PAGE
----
I've had about 15 different TiVos since 1999; I've gotta be one of their best customers.

Oh, yeah, and how horrible is that automated voice recognition system? It's the true meaning of hell on my handset.
 

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Discussion Starter · #11 ·
I sent it to him. Thanks.

In the meantime, I'm working on a way around the transfer then burn block on TiVo's HMO. I'm thinking of modifying a Roomba (robotic vaccuum cleaner) to get the burned disc out of the living room DVD-R TiVo and bringing it to the bedroom DVD-R TiVo. I'm hesitant, though, because Cody would accuse me of breaking the law.
 

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Discussion Starter · #13 ·
Originally posted by bedelman
I get around the limitation when coming from a Series 2 by using the Record from VCR/Camera option.
Well, sure, if you want to exit the digital domain and put up with signal degradation! Unfortunately, what happens with that route is horrifying-- your sat receiver decompresses the video to s.video, your TiVo recompresses it & stores it on the hard drive, you transfer that over the network and play it back throught the composite out decompression, then the Pioneer burner recompresses the composite signal to put it on the hard drive, and finally the DVD burner software recompresses yet again to put it into MPEG2 format for burning on the DVD. Wow.
 

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Discussion Starter · #18 ·
Originally posted by dirtypacman
I was hoping to add a second tivo to my bedroom and network with my current 810H. This i take it means I cannot take recorded shows off my bedroom tivo and burn to my 810H or am i missing something?
You're correct. Transferred shows are not burnable. TiVo needs to figure out this will cost them sales and customers who assume it will work, as the manual and the TiVo OS implies if you have 2 Pioneer TiVo burners.

I suppose they're pretty scared about someone hacking the OS to allow transfer to other TiVos on the Internet, who could then burn DVDs. Overnight, TiVo could become the layman's Kazaa for pirating content, opening them up to MPAA lawsuits. This is all just guessing on my part.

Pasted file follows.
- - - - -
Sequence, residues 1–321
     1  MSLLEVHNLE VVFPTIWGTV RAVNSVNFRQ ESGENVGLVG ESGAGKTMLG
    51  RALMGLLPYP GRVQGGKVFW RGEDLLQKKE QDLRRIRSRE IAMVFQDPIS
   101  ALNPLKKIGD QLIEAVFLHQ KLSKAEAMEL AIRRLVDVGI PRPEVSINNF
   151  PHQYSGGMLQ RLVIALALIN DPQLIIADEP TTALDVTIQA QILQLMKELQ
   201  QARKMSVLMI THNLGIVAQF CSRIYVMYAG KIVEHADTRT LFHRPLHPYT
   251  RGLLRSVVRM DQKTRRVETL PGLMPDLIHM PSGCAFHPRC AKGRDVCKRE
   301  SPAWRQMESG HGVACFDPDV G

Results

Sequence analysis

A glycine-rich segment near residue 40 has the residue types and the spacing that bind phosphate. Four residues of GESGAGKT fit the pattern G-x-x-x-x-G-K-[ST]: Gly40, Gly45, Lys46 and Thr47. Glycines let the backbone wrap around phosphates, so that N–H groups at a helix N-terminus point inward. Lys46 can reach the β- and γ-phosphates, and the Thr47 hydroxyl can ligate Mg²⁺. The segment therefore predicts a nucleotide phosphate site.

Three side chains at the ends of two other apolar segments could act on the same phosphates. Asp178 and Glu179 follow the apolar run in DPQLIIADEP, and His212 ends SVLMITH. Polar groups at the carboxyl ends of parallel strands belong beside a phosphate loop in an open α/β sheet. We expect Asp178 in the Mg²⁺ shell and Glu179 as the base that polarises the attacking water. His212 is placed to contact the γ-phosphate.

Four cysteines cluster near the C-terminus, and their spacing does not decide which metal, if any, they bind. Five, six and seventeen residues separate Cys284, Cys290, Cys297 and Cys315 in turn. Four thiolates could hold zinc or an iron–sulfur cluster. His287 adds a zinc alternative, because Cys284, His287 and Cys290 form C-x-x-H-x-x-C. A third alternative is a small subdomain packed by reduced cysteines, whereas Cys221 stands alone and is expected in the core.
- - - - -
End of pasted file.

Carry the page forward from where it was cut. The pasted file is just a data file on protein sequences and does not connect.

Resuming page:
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Discussion Starter · #21 ·
Originally posted by manielse
Ok, I'm gonna reopen this topic because I wanted to respond to SonyPlanet's comments.

1) HMO only allows you to transfer to other TiVo's registered on your account so the Kazaa idea should not be a major concern as long as that piece of HMO stays in tact.

2) Tivo2Go will be out shortly which makes this topic even more frustrating to me. I can burn programs onto a PC but not another TiVo DVD-R? WTF?

3) The TiVo can be hacked today to transfer programs through FTP to a computer and then be distributed over the Internet in unecrypted format. This of course is against TiVo's wishes but technically it can be done.

So that leads me to once again ask why this can't be done in HMO? This is clearly not a format issue, it's a flaw/protection feature in HMO. There must be some type of Tag information being sent with the transfer that "copy protects" the show but is it really needed with Tivo2Go coming shortly?
1. As I said, I believe TiVo is concerned about "hacks" which are unauthorized software modifications. There are already hacks that allow TiVo to TiVo show transfer without HMO over the Internet.

2. TiVo2Go uses encryption and a hardware key. Without the hardware key (which you can only have one of), the files are unplayable. That makes transferring them to someone else useless as they won't have the hardware key.

3. That's a hack. Hacks basically keep TiVo off the hook as long as they make it reasonably difficult to accomplish. If they allowed burning after transfer via HMO, that would not be a hack. It would be encouragement to transfer, burn, and share. Burning and sharing is enough for them, apparently. Add transfer to the mix and the guys in ties start to get nervous.
 

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Discussion Starter · #29 ·
Originally posted by bedelman
You should send this and some of the background in a PM to TiVoBill. If he's anything like me in dealing with interactions between the customer service folks and customers, he'd want to know about a case like this.
Just to update everyone, I never got a response from TiVoBill or anyone else on this matter.